The different responses to coronavirus and climate change also stem from what is known as present-biased preferences. People tend to overvalue immediate costs or benefits while discounting long-term impacts.

In the case of the coronavirus, people are willing to make immediate sacrifices as there are short-term benefits, that of being protected from a potentially life-threatening disease.

With climate change, people are reluctant to incur even small costs today because the benefits (such as the survival of mankind and preservation of the natural environment) are in the future and, therefore, heavily discounted.

Climate change and epidemics are both problems of the global commons. Effective solutions require cooperation and coordination between governments.

But such cooperation is difficult because every country has an incentive to free ride on the efforts of others.

With epidemics, this free-rider problem is less pronounced as the domestic costs of an epidemic are high enough for most governments to take some preventive measures.

With climate change, the free-rider problem (and the consequent tragedy of commons) seems more insurmountable.

The benefits of not taking any climate action are internalised (that is, the benefits are fully captured by the country not taking climate action), while the costs to the global commons are externalised (that is, the costs are shared or distributed to the rest of the world).


First, there is an opportunity for those of us who wish to see more resolute climate action to use the coronavirus crisis to emphasise the causal link between climate change and epidemics.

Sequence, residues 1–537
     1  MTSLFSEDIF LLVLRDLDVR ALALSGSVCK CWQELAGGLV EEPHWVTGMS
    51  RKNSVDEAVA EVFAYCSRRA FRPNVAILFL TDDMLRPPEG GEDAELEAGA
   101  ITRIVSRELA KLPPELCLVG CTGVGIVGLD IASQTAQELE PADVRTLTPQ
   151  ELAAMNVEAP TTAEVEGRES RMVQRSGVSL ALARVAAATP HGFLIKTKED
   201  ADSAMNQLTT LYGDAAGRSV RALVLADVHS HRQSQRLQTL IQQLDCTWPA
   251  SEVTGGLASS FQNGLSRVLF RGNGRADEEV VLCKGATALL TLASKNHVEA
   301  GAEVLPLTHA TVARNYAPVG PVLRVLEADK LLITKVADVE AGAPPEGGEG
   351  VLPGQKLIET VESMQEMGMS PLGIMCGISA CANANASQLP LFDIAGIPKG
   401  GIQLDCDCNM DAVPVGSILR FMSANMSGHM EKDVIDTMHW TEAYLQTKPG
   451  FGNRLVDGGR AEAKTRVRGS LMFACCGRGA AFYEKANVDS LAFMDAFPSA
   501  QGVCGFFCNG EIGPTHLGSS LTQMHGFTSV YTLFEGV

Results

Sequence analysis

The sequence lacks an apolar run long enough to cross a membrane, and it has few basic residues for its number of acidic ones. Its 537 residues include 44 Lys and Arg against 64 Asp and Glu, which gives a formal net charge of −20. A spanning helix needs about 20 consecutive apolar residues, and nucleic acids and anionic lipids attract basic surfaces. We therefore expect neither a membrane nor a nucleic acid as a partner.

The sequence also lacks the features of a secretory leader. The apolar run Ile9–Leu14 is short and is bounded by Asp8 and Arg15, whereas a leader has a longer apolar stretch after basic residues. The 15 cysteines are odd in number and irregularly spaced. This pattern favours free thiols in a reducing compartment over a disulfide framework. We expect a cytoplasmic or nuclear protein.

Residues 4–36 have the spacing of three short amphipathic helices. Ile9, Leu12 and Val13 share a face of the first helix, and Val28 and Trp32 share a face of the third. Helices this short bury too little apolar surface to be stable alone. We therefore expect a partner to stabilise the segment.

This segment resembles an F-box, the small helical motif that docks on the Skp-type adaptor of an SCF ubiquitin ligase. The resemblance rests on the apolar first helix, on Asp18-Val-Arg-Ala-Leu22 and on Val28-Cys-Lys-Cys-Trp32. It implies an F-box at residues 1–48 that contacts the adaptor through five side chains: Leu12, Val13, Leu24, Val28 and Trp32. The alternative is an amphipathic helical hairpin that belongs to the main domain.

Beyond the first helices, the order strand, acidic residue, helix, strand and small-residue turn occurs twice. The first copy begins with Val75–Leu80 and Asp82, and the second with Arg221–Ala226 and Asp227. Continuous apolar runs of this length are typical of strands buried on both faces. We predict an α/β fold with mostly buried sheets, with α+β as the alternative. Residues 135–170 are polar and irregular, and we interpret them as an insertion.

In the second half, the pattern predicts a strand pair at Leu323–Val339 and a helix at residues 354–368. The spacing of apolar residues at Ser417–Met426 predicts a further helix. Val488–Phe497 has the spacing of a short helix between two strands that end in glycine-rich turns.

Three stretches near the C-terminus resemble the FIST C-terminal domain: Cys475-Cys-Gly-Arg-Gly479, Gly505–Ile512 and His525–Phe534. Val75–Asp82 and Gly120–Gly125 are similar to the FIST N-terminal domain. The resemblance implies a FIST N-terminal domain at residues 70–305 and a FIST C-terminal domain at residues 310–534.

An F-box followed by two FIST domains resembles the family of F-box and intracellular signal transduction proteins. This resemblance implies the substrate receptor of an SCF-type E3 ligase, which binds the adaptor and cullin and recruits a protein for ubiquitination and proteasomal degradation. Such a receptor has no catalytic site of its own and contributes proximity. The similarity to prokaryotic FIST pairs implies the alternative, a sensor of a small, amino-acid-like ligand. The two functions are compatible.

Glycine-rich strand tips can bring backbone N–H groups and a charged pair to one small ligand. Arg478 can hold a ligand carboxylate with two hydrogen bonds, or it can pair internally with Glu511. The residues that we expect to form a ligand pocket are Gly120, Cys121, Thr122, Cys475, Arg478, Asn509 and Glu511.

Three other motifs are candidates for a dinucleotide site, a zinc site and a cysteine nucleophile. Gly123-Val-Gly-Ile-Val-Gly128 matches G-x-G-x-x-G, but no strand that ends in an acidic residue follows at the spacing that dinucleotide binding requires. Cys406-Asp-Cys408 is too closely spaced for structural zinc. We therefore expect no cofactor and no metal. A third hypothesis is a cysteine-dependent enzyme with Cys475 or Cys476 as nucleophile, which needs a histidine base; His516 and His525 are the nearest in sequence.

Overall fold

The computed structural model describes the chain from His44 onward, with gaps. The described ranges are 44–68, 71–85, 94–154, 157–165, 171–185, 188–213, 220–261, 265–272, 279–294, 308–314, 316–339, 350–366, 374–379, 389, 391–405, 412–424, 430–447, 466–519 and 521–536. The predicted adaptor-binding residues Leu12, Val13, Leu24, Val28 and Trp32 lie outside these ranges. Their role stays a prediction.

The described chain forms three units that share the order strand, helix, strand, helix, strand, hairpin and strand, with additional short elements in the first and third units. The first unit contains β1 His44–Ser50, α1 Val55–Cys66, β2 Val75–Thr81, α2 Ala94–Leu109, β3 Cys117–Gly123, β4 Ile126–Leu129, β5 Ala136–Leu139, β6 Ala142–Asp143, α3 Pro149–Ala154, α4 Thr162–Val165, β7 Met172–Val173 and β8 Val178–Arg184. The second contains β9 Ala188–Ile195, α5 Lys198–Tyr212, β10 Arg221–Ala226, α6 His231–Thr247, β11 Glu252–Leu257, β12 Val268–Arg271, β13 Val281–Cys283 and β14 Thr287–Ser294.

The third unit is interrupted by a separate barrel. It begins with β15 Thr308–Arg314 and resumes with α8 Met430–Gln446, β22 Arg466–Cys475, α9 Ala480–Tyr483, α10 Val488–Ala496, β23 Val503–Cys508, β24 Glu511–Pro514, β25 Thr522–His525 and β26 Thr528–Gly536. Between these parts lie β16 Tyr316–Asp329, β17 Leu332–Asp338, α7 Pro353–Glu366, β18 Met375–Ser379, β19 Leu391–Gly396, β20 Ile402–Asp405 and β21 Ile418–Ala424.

Our message to governments and our fellow citizens should be: “If you do not wish to live with more of such viruses, we must take far more aggressive action on climate change.”

Second, there are many things governments can do to highlight the salience of climate risks.

For example, just as the number of confirmed infections and deaths from the coronavirus has been highly visible, governments should also provide regular information on the costs and damages of climate change, as well as how these are expected to rise.

Third, governments can take steps to counter our present bias. With the coronavirus, the benefits of governments taking aggressive action now are clear for all to see.

With climate change, governments need to find ways to create a sense of crisis to persuade their populations that the costs of climate change are already upon us, and that the sacrifices needed to deal with it cannot be delayed anymore.

Finally, the costs of climate change do not have to be fully internalised for countries to take action; they only need to be sufficiently internalised.

That the coronavirus began in China, the fastest growing emitter of carbon emissions, also creates an opportunity for China to play a leadership role in climate change mitigation. By doing so, China would also reduce the risks of future epidemics.

Donald Low is senior lecturer and professor of practice in public policy at Hong Kong University of Science and Technology, where Xun Wu is professor and head of the Division of Public Policy. They both teach at the university’s Master of Public Policy programme.